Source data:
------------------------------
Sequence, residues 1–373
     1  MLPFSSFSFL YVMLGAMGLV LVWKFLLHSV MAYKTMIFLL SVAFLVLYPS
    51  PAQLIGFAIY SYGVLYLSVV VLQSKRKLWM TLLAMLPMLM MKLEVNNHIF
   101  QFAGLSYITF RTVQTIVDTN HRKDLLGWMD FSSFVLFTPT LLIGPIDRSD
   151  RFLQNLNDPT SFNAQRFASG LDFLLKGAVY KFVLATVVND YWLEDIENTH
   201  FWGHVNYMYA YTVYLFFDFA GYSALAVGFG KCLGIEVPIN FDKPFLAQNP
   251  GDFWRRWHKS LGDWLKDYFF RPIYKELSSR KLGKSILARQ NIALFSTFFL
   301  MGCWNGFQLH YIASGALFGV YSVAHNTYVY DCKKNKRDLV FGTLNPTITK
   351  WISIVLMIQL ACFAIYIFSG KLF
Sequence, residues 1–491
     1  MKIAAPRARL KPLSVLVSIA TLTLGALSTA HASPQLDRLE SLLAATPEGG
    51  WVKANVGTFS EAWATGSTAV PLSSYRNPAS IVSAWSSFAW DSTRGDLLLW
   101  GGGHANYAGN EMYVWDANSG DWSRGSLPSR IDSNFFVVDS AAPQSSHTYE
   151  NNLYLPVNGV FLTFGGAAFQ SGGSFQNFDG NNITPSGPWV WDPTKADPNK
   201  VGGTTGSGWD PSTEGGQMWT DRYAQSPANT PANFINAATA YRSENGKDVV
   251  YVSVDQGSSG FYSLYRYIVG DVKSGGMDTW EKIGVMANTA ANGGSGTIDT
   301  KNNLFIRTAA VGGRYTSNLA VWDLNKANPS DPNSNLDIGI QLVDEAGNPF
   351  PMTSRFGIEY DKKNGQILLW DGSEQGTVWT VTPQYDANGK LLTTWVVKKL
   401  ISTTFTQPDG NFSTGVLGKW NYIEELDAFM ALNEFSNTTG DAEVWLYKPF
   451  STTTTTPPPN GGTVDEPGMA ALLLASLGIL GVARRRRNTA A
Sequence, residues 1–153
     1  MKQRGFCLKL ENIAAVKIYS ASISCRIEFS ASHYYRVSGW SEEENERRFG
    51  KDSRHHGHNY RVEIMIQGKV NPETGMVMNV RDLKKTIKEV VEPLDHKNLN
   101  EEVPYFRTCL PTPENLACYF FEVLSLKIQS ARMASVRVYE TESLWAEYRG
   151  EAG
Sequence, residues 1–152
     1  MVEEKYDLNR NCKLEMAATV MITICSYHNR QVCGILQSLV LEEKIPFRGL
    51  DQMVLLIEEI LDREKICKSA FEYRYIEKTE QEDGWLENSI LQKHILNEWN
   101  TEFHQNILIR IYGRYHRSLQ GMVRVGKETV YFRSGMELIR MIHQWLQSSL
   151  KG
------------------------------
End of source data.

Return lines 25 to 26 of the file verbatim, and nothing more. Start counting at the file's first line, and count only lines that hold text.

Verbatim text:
   151  EAG
Sequence, residues 1–152